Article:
DEIR DIBWAN, a village of 6,000 people, is located 6.4 km east of Ramallah and 21 km north of Jerusalem. Besides the residents who were born in the village, there are almost as many who migrated abroad.

At a distance of 3 km north west of Deir Dibwan, there is El Tel Ai’, a very important archeologic site dating back to the Canaanite period.

How to reach it

INTERPRETATION CENTRE Jaba' IC: Located in Jaba' How to get there: Once you arrive in Jabaa', all what you have to do is driving straight unhill you reach the separation wall and the only option for you is to turn left and drive up the hill. you will reach the historic center at the top of the hill where you have to park your car. First thing you will see is the headquarter of Pyalara (a youth supporting organization). From there, follow the sign which will lead you to the Interpretation Center, the guesthouse and the remaining of an ancient Roman tower

The Main Points of Interest

Local guide

Along the itinerary, we recommend visiting or contacting Mrs. Nehaya Abu Khater (from Pyalara) for advice on the best and cheapest ways to visit the Centre-South West Bani area. Jaba’ IC, Mrs. Nehaya Abu Khater: +972 (0) 599817012 ? Email:


Khirbet al-Tal, about 855m above sea level, is located 3 km northwest of Deir Dibwan. One of the main Canaanite cities stood on the top of the hill. Its importance grew until it became the seat of the Kingdom with a population of 12,000 people.

Al-Tal is one of the most important archaeological sites in Palestine, dating back even earlier than the Canaanite period (4,000 BC – 1200 BC). Its location oversaw dominating structures in present Lebanon, Israel, Palestine and parts of Syria and Jordan. Today, it is considered one of the few locations in the world that still has signs of the civilizations from that period.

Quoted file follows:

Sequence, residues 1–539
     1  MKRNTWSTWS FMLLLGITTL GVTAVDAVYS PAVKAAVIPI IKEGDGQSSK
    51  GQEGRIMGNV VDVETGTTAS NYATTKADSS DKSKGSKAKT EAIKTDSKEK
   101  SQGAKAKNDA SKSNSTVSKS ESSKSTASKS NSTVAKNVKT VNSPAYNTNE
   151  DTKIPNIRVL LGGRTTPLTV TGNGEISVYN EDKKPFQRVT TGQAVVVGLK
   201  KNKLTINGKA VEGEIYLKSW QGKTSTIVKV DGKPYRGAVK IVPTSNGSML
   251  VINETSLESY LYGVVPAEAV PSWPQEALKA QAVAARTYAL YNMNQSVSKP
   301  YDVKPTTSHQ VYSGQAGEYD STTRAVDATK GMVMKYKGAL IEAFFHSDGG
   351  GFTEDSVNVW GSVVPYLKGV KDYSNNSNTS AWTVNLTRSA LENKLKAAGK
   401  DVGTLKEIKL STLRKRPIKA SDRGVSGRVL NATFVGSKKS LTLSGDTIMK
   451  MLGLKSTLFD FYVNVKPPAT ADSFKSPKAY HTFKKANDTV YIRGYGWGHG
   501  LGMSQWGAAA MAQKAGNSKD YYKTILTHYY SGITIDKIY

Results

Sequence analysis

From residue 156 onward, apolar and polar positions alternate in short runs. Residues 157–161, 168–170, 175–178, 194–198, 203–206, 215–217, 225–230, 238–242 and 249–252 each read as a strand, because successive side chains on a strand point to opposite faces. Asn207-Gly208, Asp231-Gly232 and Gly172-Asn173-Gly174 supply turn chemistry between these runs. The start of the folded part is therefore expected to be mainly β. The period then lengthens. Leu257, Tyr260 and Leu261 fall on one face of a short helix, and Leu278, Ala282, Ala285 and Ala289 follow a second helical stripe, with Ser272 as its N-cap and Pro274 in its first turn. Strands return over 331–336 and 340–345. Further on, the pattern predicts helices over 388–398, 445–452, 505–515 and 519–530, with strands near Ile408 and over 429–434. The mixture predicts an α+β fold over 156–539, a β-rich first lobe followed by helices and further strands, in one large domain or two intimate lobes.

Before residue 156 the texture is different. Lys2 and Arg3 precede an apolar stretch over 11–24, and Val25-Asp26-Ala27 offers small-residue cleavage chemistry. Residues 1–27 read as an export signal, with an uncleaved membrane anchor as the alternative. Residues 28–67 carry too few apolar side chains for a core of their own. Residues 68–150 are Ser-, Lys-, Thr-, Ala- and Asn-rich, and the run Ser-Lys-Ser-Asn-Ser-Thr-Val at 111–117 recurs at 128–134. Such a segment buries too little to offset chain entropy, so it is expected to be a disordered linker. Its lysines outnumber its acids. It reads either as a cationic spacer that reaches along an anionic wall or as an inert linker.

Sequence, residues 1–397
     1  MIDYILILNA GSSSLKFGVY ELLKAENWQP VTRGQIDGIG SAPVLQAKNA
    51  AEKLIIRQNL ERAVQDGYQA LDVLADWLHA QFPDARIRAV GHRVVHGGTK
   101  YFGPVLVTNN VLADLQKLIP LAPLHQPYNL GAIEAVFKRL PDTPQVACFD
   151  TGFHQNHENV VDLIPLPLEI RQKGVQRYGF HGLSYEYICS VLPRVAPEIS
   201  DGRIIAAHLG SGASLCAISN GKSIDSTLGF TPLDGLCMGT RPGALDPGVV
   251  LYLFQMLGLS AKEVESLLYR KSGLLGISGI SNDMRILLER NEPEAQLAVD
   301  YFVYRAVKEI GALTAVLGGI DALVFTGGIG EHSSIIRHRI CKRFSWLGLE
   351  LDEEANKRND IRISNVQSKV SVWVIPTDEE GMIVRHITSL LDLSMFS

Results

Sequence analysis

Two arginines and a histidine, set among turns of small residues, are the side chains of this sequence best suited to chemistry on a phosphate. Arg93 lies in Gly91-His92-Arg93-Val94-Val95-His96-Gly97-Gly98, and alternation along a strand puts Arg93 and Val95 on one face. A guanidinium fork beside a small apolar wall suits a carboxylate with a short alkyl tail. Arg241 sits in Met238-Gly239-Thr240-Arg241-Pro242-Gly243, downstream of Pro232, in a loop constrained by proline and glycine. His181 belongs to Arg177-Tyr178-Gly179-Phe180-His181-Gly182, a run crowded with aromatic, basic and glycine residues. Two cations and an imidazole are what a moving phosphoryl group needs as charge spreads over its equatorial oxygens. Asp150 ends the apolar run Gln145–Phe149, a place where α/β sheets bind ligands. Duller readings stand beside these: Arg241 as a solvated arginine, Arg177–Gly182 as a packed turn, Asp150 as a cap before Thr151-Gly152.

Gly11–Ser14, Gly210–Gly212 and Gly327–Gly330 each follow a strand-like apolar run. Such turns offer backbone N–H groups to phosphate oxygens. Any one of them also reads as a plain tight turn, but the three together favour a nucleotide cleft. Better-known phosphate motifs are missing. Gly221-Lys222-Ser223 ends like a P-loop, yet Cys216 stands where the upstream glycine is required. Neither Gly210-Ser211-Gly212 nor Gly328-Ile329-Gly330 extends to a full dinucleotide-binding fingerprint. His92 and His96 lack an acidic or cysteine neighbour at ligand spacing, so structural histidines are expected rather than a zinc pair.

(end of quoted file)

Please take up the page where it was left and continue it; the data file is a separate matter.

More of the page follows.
This is definitely a fascinating part of history to explore. The local guide will show you the layout of the royal palace and temple, as well as the houses, shops, tombs, and the fortified towers for protection. There are many stories to be shared here about the kingdom and family structure in the village, with many references to the visitors’ experiences.


The shrine takes the name from Ammar bin Yasser – one of the beloved companions of Prophet Muhammad – who passed by and prayed in this spot during his travel to Syria. A small mosque was set up on that location in his memory. In 1999, a group of young volunteers arranged a garden and a park in this area. The park, later renovated in 2016, is called al-Bayyara Park.

? Address: On southeast of the village. Open 5 p.m. – 2 p.m


The main mosque of the village is Al-Kabeer. It was built in 1997 at the center of the village. Al-Kabeer is one of the five mosques in the town, besides: Ahmad bin Ahmal, Al-Maraj, Al-Bahari, and Hanbal. All of them are recent and reflect the extension of Islam which went along with the development of the town.

? Address: At the center of Deir Dibwan. Open 4 a.m. – 10 p.m.